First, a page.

Even Small Trades Can Have Big Impacts: A Review of 2007-08
The 2008-09 Major League Baseball off-season is in full swing with the General Managers Meeting underway and with MLB free agents busy declaring their freedom. Last week I took a look back at some of the larger trades that were made during the 2007-08 off-season. This week I am going to continue the theme and take a look at some of the smaller trades made during that same time frame, which had larger-than-expected impacts on one or more teams.
To Chicago (AL):
Even with 1B/DH-types Jim Thome and Paul Konerko already on the roster, the White Sox management went out and nabbed 1B-OF Nick Swisher with a plan of having him spend the majority of the time in the outfield. Swisher, though, ended up playing 71 games at first base, while filling for an injured - and ineffective - Konerko. Carlos Quentin (see below) also made Swisher expendable from the outfield rotation. Swisher had his worst offensive season in 2008 by posting a line of .219/.332/.410 with a .191 ISO in 497 at-bats. On the plus side, his rates remained around his career-norm (14.2 BB%, 27.2 K%) so a return to his old ways is not out of the question for 2009.
From the A's perspective, the trade went fairly well. Ryan Sweeney had a solid, albeit unspectacular, season in the outfield with a line of .286/.350/.383 and rates of 9.0 BB% and 17.4 K%. He is probably not a long-term regular in the outfield, but he should be solid-average in 2009. Gio Gonzalez had a respectable Triple-A season at the age of 22. He allowed 106 hits in 123 innings and posted rates of 4.46 BB/9 and 9.37 K/9. He was roughed up in 10 big league appearances and posted an ERA of 7.68. Fautino de los Santos, who had a breakout 2007 on the mound, was found to be injured after making five minor league starts and underwent undergoing Tommy John surgery.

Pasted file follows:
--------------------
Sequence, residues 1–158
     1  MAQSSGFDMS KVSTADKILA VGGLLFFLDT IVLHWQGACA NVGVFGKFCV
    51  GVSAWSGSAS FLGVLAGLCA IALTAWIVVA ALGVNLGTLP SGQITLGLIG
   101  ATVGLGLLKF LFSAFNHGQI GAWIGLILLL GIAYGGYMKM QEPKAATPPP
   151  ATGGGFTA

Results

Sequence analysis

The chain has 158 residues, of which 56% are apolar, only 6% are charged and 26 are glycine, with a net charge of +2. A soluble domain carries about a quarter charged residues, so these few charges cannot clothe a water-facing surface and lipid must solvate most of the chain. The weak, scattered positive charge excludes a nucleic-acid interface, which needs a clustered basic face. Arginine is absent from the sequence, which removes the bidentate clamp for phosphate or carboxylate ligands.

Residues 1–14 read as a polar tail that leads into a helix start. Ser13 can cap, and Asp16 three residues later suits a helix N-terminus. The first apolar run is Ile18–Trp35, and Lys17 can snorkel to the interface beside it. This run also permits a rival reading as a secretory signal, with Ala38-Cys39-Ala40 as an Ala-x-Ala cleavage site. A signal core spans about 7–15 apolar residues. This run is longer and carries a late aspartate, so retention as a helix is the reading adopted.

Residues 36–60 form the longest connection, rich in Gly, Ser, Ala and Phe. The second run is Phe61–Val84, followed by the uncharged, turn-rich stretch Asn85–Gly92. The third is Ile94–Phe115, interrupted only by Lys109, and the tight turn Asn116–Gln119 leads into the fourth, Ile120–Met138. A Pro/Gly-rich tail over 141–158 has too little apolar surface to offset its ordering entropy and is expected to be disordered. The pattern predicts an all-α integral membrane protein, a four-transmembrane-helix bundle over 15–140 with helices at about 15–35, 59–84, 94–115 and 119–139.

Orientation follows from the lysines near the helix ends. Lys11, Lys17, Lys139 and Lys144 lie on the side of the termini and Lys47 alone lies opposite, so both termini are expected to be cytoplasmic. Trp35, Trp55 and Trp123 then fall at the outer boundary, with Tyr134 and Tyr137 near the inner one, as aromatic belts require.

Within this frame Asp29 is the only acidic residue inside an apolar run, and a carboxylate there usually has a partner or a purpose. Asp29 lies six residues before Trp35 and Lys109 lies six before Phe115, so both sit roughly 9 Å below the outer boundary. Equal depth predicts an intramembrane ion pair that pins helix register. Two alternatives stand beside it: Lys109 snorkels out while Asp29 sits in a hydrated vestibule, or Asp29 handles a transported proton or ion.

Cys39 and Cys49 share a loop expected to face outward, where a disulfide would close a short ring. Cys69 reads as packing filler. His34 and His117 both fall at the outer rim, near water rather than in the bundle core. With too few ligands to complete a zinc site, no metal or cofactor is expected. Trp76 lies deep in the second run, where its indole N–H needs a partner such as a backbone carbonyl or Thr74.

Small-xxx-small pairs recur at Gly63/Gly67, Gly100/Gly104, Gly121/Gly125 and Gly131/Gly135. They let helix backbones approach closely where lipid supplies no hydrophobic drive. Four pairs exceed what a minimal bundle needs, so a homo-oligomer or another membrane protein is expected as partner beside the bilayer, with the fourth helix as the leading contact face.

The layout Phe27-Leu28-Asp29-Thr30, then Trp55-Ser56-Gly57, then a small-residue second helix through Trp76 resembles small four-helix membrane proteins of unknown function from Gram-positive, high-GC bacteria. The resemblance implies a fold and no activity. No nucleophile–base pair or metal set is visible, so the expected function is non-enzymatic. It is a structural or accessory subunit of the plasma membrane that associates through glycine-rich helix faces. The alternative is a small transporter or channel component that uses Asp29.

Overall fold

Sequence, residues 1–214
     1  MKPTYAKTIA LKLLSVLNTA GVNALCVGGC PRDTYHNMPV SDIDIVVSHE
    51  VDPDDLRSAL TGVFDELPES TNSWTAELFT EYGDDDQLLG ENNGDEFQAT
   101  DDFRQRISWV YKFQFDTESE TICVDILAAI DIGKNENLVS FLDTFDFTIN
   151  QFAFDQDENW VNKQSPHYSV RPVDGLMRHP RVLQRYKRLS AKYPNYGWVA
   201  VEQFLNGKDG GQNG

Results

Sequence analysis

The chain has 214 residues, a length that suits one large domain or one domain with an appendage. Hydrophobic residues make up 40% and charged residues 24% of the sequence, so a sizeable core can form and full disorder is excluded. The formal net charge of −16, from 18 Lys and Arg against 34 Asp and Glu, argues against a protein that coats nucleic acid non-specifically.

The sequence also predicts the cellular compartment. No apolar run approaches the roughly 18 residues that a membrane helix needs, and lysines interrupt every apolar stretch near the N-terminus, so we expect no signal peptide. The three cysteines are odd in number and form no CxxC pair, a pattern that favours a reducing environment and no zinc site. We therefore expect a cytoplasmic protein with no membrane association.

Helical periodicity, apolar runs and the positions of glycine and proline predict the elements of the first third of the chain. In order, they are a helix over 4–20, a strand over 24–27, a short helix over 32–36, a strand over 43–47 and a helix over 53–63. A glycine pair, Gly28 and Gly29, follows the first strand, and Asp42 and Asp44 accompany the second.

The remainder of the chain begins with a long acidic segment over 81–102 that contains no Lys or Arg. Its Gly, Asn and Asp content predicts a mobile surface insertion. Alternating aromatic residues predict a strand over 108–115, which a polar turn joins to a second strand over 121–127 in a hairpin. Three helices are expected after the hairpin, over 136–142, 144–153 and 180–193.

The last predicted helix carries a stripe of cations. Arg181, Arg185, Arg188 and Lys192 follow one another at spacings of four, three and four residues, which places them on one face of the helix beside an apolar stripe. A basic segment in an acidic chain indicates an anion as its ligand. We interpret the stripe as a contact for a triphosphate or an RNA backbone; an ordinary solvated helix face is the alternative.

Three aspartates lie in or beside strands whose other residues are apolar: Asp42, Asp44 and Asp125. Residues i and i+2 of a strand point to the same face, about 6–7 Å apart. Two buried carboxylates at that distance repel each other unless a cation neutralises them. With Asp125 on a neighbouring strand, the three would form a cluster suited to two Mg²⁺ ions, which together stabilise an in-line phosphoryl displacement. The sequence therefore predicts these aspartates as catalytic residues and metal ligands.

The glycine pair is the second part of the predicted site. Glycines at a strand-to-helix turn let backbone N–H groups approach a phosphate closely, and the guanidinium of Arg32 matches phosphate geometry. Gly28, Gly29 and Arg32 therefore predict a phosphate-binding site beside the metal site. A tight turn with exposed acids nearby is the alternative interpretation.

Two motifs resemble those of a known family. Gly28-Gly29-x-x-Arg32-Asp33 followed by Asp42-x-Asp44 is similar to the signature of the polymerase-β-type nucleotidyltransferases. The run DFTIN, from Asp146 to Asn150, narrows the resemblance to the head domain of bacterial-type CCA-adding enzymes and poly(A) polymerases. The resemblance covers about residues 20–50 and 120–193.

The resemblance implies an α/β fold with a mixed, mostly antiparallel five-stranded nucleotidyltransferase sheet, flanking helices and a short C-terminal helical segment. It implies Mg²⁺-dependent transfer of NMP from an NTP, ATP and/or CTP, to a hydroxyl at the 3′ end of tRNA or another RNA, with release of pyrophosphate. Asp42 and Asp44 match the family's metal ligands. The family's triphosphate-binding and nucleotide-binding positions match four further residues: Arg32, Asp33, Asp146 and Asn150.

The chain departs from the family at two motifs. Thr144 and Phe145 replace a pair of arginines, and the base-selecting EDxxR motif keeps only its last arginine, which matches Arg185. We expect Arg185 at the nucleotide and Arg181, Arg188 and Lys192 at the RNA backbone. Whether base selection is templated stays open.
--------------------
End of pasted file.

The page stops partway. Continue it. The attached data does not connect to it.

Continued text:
Winner before 2008: Draw
This trade was an absolute steal for Detroit, as teams continue to steal pitching away from Texas - a club that needs quality pitching about as badly as any team in baseball. Armando Galarraga is not a superstar, but he proved to be a solid No. 3 or No. 4 starter in 2008. He won 13 games for Detroit by allowing 152 hits in 178.2 innings and posting rates of 3.07 BB/9 and 6.35 K/9. On the downside, Galarraga allowed 28 homers (1.41 HR/9) while playing half his games in a spacious ballpark. In the future, the right-hander might want to try and vary his speeds a little more as his fastball averaged out at 90.2 mph, while his slider was at 84.8 mph, and his change-up was at 84 mph. Michael Hernandez did not even play for Texas in 2008 and spent just 16 games in pro ball - all with the New York Mets' A-ball affiliates.
Winner before 2008: Detroit
It feels like Edgar Renteria has been around forever (and he has in fact played in 13 MLB seasons) but he was only 32 years old in 2008. Regardless, aspects of his game are beginning to slip and he has played with four teams in five seasons. Offensively, he hit .270/.317/.382 with just six stolen bases in 503 at-bats for Detroit. Renteria posted rates of 6.9 BB% and 12.7 K%. In Atlanta, Jair Jurrjens had a solid season and gives the rotation some much-needed hope for the future. He allowed 188 hits in 188 innings pitched and posted rates of 3.35 BB/9 and 6.64 K/9. He did a nice job of keeping the ball in the yard and allowed just 11 home runs all season. Jurrjens relied mainly on his fastball/change-up combo in 2008 and could stand to mix in his slider more often (11.8%) if he wants to continue to improve. Gorkys Hernandez took a step back in High-A ball with a line of .264/.348/.387, along with five homers and 20 stolen bases in 406 at-bats.
Winner before 2008: Detroit